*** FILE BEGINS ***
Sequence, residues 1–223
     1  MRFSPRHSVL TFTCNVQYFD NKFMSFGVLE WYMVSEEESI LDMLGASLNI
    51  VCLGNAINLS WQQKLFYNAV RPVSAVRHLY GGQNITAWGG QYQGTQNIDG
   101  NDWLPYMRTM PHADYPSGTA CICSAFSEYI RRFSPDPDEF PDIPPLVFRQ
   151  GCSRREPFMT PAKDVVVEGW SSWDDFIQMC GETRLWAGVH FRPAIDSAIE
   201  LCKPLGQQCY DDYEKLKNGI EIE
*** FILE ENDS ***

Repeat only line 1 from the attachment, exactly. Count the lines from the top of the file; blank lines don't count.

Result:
Sequence, residues 1–223